Resentment or Reward?

I have a vision of how I want to earn the pleasure of Allah (swt). This vision is filled with intensive learning, spiritual halaqas, and being in the company of those who fill me with His remembrance. I yearn for a deeper understanding of the Qur’an, learning the etymology of the rich Arabic words that are pregnant with meaning. I dream of going abroad, praying fajr in different masaajid, sitting at the feet of learned scholars, going from one spiritual high to the next. I find myself daydreaming of Mecca and Madina, making sajda in the Prophet’s mosque, performing tawaaf around the Ka’ba.

A tiny part of me tries tirelessly to hold on to this vision and I hope, with the permission of Allah, that I will be able to fulfill at least a small fraction of it. Another part admonishes me for being so egocentric. “I mean, really, how self indulgent can you be?,” I hear it snickering.

“Do you want to go to Reviving the Islamic Spirit in Canada this year?” yes!

“Bayyinah is having a summer intensive in Texas. Would you like to sign up?” of course!

“There’s a revive tonight, can you make it?” umm..umm…

When the yeses transformed to only yeses in my heart, I began to feel a bit of resentment towards the responsibility I had towards my daughter. Gone are the summers that I can spend traveling abroad for intensive study and the nights of Ramadan devoted to worship in the masjid. “This is ruining my plan to get closer to Allah,” I would lament. Of course, the thought was never that blatant, but with every missed opportunity to learn and grow, desperation grew in its place.

These thoughts, never vocalized but always present as unwelcome guests, are the reason for much agitation during my day to day activities. However during one long car ride to New York, I realized something strangely reassuring that has helped subdue those feelings. This is my plan to attain the pleasure of Allah and maybe what Allah really wants from me is to change a dirty diaper.

Maybe what He wants me to do is stay calm when I see Sumaya eating paper like a termite.

Maybe, through the destruction of my own ego and focusing instead on nurturing the beautiful soul that I have been given custody of, I can turn the emotions of resentment into a great reward.

And just maybe if I focus on wholly submitting myself to Allah’s plan, I will experience those spiritual highs through a kiss on the cheek, a playful smile, or the warmth of a long overextended bear hug.

Now, if I could only figure out how to jar it.

Marwa Aly

Marwa is a mother living in West Hartford, Ct. who constantly worries about the inedible objects that somehow find their way into her daughter’s mouth.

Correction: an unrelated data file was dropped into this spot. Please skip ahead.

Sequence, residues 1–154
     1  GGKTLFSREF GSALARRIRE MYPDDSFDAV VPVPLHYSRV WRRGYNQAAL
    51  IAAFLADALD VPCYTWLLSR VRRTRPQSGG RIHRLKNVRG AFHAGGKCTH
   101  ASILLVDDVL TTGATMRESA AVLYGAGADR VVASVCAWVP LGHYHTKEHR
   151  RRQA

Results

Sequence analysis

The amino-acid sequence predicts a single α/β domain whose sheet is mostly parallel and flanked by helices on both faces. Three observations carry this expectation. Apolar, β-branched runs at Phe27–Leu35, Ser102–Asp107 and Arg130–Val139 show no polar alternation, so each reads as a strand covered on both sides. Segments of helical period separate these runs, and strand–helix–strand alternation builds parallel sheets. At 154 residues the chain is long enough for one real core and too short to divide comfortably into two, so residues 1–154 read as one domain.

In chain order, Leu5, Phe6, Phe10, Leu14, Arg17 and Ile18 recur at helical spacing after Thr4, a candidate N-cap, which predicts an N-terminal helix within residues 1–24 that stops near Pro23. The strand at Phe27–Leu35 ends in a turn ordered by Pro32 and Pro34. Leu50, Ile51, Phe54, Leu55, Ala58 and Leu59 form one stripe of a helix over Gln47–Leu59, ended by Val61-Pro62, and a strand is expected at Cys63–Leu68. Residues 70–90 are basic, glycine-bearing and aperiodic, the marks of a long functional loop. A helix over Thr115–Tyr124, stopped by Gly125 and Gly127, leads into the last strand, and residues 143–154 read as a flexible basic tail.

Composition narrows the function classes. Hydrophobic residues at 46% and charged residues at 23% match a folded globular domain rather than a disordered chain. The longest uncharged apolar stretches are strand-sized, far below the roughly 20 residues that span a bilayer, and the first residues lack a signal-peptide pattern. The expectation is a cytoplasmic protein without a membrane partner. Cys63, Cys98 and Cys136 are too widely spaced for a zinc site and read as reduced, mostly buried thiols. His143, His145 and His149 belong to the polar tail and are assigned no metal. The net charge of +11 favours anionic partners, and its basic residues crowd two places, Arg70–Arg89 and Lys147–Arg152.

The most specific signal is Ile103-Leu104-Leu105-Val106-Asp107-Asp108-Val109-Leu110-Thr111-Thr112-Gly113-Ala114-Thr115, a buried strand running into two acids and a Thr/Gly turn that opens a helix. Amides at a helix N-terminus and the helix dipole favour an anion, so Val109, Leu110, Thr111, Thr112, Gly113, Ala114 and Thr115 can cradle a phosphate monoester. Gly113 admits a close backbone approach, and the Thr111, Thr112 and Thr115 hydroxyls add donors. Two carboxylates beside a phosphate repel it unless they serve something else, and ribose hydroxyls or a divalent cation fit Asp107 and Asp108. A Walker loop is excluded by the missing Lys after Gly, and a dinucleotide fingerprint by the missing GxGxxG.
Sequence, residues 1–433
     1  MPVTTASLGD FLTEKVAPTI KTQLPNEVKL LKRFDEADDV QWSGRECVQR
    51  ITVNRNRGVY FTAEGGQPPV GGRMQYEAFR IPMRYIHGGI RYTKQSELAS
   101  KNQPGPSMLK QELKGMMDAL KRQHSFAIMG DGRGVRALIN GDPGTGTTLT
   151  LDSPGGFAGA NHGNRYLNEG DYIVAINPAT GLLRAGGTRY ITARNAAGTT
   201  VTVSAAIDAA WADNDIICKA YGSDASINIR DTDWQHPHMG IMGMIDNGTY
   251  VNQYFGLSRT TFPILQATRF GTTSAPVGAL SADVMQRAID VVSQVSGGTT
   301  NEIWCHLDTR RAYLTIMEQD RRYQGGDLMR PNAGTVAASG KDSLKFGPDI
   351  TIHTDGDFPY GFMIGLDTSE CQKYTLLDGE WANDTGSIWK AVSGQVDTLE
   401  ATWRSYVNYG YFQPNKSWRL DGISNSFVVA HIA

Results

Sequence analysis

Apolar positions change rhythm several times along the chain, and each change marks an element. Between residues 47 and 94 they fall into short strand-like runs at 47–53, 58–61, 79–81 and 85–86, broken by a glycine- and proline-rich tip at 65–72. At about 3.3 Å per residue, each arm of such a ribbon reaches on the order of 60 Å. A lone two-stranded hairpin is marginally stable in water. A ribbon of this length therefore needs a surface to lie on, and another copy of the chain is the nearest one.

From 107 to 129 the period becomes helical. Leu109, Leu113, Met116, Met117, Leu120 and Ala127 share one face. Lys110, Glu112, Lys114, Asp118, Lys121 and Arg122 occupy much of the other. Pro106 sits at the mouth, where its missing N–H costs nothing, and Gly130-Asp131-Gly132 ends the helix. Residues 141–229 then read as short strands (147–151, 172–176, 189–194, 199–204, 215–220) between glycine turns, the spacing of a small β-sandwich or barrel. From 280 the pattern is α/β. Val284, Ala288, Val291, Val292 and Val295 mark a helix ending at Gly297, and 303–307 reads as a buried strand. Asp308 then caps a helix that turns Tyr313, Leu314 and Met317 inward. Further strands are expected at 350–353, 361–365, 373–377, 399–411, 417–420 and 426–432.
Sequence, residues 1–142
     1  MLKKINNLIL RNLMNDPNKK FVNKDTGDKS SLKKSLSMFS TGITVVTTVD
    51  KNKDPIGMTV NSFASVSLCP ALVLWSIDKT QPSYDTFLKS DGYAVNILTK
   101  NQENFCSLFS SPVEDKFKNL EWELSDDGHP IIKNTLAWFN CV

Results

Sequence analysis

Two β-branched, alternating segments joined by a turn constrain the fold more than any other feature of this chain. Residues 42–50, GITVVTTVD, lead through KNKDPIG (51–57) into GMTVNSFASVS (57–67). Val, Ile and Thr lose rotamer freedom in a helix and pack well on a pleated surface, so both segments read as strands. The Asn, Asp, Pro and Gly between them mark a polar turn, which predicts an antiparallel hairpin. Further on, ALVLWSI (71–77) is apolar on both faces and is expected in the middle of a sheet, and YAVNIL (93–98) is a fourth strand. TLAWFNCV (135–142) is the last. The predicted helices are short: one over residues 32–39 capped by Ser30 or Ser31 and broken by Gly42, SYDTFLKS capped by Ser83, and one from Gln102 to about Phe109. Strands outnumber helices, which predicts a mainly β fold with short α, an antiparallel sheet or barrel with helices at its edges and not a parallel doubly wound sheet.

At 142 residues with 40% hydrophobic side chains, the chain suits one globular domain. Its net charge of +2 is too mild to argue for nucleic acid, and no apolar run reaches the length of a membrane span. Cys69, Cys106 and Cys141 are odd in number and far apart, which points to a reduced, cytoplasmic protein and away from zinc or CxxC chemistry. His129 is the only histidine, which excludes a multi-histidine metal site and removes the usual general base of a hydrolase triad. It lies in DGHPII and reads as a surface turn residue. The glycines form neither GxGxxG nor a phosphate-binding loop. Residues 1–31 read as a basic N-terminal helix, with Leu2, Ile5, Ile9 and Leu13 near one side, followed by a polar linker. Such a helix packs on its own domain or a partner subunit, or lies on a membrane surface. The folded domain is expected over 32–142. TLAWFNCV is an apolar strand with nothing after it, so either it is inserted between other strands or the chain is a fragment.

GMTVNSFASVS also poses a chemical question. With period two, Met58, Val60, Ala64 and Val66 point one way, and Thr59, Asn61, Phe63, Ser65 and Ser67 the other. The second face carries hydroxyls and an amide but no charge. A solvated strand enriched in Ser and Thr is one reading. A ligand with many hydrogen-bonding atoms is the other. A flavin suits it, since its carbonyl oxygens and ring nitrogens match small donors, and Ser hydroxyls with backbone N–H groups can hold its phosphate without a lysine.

• UmmBilal

    JAK for this post. I have often had these same thoughts as a mother of three who would like to please Allah. I really like your thought about experiencing spiritual highs through a kiss on the cheek or playful smile. May Allah guide us to raise our children in the way most pleasing to Him. Ameen

  • blessed

    Ameen to previous comment and to your beautiful words. But does that mean that our daughters, and daughters’ daughters are all destined to this same fate? A woman’s destiny?

  • Monaa

    Marwa we all feel the same way and are often told that this is outlr worship (to care for our children/households) and we always say: but that doesn’t feel the same. I think that the easier way and more obvious way to find spiritual enlightenment is what we experienced before kids. It takes time, ability to sleep in etc. Now that we largely don’t dictate our schedules anymore, we have to find joy and the mercy in Allah in the kiss, (and in the crying)! I keep

    Telling myself that if I can’t find spirituality in that then there’s something that has to change within me. Excellent read jak

  • Maha

    Marwa, I can’t think of what to respond. This post is so relevant to me. I couldn’t have said it better. Maybe I’ll come back and add some thoughts when I can put them to words. ..

  • Kariman

    I personally feel like I use motherhood as an excuse more often than not. Yes, I have young dependent children and I too have to remind myself that at this stage they are my means for attaining Paradise, but I know if I really wanted to do more…like, really wanted to, I could. Motherhood for me has become this safe-haven, an excuse that no one could argue with, I’m even able to convince and fool myself at times…but deep down, I know that if I really desired it, I could at least do more than the bare-minimum.

  • Marwa

    Salaam Sisters,

    Jazakum Allahu kheyran for all your perspectives. I honestly think this post should be turned into a series from different mama perspectives. Fatima and Kariman, I think you both make a good point (both implicitly and explicitly) about the tension that exists- we want to resolve the tension, but I’m finding out more and more that we can’t and I don’t even know if we should. The tension exists in order that we still strive with “our plan” all the while taking care of our kids. When we feel this agitation, we have to name it and say, “Okay, what can I do to make this better?” I can’t go study abroad, but can I take an online Arabic class? I can’t attend this retreat, but can I call a sister that always reminds me of Allah?